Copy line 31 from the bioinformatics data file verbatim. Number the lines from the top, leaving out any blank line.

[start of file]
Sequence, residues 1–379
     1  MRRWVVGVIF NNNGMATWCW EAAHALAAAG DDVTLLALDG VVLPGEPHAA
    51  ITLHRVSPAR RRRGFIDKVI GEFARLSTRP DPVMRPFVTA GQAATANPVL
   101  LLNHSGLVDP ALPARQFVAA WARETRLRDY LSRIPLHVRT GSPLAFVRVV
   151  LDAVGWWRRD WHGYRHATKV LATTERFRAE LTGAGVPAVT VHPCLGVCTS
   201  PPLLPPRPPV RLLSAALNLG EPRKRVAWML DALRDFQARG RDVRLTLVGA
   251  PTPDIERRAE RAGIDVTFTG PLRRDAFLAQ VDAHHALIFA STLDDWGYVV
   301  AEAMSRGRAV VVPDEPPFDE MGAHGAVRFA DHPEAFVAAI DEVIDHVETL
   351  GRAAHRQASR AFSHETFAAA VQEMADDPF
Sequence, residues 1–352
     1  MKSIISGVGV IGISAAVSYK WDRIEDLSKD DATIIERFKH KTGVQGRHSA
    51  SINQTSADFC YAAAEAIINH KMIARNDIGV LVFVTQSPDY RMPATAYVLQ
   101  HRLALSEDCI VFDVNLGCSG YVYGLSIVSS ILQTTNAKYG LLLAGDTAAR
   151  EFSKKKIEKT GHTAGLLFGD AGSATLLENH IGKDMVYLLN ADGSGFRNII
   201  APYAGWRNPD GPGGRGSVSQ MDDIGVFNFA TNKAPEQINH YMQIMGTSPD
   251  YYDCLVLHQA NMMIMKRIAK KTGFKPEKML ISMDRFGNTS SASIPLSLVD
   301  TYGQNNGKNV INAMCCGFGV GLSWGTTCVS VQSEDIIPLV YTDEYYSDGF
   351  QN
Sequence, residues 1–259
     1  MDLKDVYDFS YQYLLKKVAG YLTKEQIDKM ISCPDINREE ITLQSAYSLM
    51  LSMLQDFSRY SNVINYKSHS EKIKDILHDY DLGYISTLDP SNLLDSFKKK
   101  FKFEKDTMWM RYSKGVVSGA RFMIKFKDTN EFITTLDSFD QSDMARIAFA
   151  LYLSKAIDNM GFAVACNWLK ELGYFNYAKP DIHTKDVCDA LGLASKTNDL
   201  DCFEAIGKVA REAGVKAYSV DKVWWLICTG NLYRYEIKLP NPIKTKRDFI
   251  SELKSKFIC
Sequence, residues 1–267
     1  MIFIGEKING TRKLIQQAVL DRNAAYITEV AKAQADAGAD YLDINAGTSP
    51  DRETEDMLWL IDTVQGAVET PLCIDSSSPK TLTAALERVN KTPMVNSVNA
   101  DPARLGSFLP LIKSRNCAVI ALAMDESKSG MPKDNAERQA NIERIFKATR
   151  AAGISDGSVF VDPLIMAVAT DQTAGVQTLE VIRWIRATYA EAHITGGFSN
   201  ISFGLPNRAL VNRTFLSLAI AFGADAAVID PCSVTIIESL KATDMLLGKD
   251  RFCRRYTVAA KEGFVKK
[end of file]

   201  ISFGLPNRAL VNRTFLSLAI AFGADAAVID PCSVTIIESL KATDMLLGKD